Luke 7:11-17 | Third Sunday after Pentecost
Jesus tells a dead man to get up, and he does. Luke writes it that plainly — the young man was dead, and he sits up and starts talking.
It was an uncommon experience, even in those first century days when miracles were often reported. The crowd, witnessing this resurrection, were astonished. We would be, if we saw a thing like this.
We live in an age of wonders and of amazing invention, astonishing discoveries. We have modern medicine, science, centuries of art. We read about space travel on hand held computers, and we watch entertainments on flat screens of digitally enhanced glass, but we are somehow bereft of miracles. No one is healed with a touch, and those who have died, no matter how much we love them, are not given back to us.
The dead do not speak to us. At least, they do not speak to us the way this young man rose and spoke to his mother. Still, sometimes, we hear them.
Perhaps the trick is not to look for the miracles that are described in these gospels. We do not have them — prophets healing our sick, a messiah raising our dead. We may have miracles, though. Different ones. Miracles we do not notice or that we take for granted, because they do not meet our expectations of the sort of thing a miracle is.
We think miracles are a break with the natural flow of the universe, and perhaps that is so. We think that the laws of nature are immutable, therefore there can be no miracles, and maybe we are right to say so.
No miracles, we say. Not any more. Maybe we have no faith, that we should receive a miracle, some say, or maybe there never were any such things. Are we children, believing in fairy tales? Let us believe in what we have seen with our own eyes, that which our hands have touched.
It seems to me that there is a natural law that I forget things — where I put something, the day of the week — and so when I remember, is it a miracle? And sometimes, in my memory, when I hear the voice or the laughter of someone I loved but who is no longer alive in the way that you and I are alive, is that a miracle?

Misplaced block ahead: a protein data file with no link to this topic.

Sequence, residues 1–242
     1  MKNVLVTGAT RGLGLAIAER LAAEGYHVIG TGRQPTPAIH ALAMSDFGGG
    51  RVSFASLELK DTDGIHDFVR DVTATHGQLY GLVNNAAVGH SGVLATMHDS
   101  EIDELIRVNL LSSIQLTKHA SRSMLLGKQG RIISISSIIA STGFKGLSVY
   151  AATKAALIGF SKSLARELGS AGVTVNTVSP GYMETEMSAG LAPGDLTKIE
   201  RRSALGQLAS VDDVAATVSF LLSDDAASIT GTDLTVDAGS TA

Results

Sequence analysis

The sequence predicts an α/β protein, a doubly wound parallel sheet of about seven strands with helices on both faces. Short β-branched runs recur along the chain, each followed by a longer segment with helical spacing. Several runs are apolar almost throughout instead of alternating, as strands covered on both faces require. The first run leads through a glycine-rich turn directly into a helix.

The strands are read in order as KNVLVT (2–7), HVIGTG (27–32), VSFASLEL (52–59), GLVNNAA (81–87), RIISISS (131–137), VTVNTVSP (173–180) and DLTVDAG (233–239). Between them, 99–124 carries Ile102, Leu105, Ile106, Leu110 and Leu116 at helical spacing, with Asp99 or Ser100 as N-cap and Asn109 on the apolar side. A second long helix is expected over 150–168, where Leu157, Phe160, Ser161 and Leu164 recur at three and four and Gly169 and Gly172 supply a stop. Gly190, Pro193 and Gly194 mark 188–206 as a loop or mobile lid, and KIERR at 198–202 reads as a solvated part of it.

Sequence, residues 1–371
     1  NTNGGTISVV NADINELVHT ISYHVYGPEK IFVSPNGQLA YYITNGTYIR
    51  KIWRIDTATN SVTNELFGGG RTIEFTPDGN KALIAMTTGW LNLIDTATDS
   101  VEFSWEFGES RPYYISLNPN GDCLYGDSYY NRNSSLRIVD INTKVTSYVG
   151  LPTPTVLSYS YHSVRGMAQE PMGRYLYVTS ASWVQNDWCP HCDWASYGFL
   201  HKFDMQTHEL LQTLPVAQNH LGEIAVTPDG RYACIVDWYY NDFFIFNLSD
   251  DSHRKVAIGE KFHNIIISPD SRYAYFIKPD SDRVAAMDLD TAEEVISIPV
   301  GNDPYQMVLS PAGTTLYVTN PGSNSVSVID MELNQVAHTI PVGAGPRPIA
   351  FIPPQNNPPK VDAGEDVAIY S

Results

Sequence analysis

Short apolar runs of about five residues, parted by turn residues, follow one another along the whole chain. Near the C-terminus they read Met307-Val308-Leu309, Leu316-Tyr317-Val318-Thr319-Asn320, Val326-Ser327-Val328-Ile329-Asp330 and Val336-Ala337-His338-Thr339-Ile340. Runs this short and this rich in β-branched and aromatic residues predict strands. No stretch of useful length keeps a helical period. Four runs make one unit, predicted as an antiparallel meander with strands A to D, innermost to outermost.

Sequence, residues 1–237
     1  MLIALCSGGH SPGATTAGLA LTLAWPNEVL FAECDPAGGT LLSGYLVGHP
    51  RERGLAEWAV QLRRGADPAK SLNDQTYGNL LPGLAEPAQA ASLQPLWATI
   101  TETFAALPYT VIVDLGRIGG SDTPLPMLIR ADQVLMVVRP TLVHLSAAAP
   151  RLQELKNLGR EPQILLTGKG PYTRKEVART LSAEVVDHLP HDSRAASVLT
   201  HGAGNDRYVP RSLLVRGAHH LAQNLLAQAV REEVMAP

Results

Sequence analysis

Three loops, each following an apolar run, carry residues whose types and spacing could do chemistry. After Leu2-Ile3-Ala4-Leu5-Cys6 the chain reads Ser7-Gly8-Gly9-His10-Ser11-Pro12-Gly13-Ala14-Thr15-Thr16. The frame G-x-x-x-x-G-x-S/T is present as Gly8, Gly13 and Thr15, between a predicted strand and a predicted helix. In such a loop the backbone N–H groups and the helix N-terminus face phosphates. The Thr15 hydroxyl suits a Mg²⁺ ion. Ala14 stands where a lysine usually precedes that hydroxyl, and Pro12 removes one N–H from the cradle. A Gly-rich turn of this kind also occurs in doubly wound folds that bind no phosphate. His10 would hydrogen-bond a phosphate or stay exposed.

At my parents’ home there is a pond, and from time to time a mated pair of ducks, or geese, will come and stay for a season. We first noticed such a pair shortly after both of my father’s parents were gone, and it seemed to us that these birds had come in their place, to remind us of them, in some way to be them, so that my grandparents were still with us. They are birds, of course; they are not my grandparents. Still, in some way that eludes the mind and makes sense to the soul, they are the people we loved, and as they waddle and splash and talk to one another in their bird honks and hoots and chattering, we hear the voices of people who loved us.
And it is a miracle.
No one is raised from the dead, no one is healed of a terrible disease. The water in the pond remains water, not wine, to the relief (or maybe disappointment?) of the fish. If we find comfort in the quacks and honks of waterfowl, it is a small enough miracle, you say.
Still, for us, it is miraculous. It is healing. And perhaps it is all the miracle required, and it does whatever it is that a miracle is sent to do. That is something worth considering. We think that a miracle is when we get something we want, but maybe that is wrong. It could be that a miracle is receiving something God needs for us to have.